Turkey reconsidering EU as Europe navigates dire straits
“Turkey is in Asia Minor, not in Europe. Turkey's place is not inside the European Union,” French President Nicolas Sarkozy believes.
Turkey started seeking integration with Europe in the 1950s and was made an EU candidate in 1999. But since then, France and Germany have remained opposed, continually stalling negotiations.
“Turkey and [the] European Union have actually stalled their relationship for such a long time now that the Turkish public is a bit tired of it,” says Professor Sukru Sina Gurel, former Turkish Foreign Minister.
The main reason Turks think the Europeans do not want them is immigration.
“First, will they come and steal our jobs like the Polish plumber did? And second will they threaten us culturally?” Ebru Canan-Sokullu from the Betam Research Center explains European fears.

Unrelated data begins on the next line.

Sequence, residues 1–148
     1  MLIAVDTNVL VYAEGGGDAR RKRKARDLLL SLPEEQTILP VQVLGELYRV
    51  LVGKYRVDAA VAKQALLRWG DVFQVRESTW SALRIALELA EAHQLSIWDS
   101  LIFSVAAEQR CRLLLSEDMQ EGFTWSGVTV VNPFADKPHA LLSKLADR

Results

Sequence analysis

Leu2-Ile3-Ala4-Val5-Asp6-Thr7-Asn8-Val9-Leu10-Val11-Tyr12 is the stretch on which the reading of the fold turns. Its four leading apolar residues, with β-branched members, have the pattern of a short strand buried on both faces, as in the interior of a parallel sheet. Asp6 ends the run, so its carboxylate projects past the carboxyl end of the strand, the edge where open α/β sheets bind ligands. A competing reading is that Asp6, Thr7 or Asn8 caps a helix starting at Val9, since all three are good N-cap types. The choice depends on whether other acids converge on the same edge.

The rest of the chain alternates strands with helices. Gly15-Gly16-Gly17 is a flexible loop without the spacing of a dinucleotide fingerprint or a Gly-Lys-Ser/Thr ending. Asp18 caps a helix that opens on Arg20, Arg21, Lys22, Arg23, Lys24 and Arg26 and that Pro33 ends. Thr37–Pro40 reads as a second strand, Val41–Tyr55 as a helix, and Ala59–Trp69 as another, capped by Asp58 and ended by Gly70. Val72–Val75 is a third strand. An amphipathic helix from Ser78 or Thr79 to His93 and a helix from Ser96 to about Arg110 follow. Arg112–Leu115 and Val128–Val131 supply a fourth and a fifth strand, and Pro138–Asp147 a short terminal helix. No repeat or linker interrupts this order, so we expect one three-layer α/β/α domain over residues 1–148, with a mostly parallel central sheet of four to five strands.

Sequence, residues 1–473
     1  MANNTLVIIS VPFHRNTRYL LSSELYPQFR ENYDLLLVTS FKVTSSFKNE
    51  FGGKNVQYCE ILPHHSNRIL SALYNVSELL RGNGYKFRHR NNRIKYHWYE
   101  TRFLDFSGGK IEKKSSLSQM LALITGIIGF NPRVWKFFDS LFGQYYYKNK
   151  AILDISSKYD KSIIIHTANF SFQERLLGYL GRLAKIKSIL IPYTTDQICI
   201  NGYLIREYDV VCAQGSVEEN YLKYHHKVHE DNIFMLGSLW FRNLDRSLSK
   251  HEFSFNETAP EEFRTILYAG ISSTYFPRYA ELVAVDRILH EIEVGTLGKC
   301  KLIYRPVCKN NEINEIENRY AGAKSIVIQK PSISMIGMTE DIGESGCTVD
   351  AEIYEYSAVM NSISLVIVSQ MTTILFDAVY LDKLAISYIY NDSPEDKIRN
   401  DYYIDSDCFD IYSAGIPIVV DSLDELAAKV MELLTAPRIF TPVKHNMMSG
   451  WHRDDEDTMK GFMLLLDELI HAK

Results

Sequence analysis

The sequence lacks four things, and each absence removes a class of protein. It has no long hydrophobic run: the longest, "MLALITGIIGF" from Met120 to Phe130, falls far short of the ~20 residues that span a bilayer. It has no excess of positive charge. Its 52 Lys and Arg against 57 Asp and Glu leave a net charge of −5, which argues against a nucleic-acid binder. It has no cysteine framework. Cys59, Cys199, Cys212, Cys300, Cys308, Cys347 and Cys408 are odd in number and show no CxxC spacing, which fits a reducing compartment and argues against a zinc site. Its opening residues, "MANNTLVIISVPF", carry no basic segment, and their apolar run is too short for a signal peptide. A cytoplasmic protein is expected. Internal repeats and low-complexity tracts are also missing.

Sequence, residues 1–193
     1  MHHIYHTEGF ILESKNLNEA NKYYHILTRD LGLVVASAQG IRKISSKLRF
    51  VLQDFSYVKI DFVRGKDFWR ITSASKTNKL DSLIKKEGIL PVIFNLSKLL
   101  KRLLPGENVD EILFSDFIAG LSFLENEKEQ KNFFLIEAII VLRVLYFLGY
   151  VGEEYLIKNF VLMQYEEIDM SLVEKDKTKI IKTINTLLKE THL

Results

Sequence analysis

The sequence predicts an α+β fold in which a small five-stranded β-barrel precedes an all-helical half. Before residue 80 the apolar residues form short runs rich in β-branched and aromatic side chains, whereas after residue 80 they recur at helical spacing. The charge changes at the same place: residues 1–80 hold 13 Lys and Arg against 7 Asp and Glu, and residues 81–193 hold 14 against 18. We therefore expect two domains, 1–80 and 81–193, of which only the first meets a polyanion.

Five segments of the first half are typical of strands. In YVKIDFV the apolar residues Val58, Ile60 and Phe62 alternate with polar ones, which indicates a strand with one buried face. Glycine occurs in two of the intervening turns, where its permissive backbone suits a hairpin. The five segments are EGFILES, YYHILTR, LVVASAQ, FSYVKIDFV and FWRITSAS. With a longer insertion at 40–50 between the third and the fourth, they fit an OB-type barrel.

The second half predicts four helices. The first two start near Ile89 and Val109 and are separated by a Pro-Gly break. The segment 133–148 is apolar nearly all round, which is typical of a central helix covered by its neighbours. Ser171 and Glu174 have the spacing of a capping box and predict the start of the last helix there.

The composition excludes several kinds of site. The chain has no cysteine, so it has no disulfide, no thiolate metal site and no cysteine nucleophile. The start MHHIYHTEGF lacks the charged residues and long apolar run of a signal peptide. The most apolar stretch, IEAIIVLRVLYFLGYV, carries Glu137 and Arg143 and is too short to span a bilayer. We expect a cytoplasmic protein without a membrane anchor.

But others see the real fear in Paris and Berlin as being a loss of political power.
“This sort of Franco-German condominium is already under challenge, but with the inclusion of Turkey in the European Union, it would be totally impossible to sustain,” Ilter Turan, Professor of Political Science at the Bilgi University, maintains.
Now, embroiled in economic crisis, the EU is not as strong as it once seemed. Turks are starting to view the delays in joining less with frustration and more with relief.
“Frankly, given the state that the European Union is in, the inability of taking decisions, the euro’s fragile situation, the rising racism and Islamophobia in many countries, it’s becoming less and less attractive,” Suat Kiniklioglu, Turkish Deputy Secretary for External Affairs says.
Turkey is no longer waiting for Europe to change its mind. Instead, many speak of the axis of Turkish interest shifting from West to East. It has pursued a “no problems” policy with its neighbors in recent years. This has yielded impressive results, boosting trade and making Turkey a leader in regional diplomacy.
“If we want to combine our power with others I think we should look at Eurasia,” Professor Gurel believes.
The Turkish Bosphorus Strait has long been seen as a bridge between East and West. But with Turkey increasingly pushed away by Europe and towards the Middle East and Asia, Turks no longer see all their hopes lying westwards.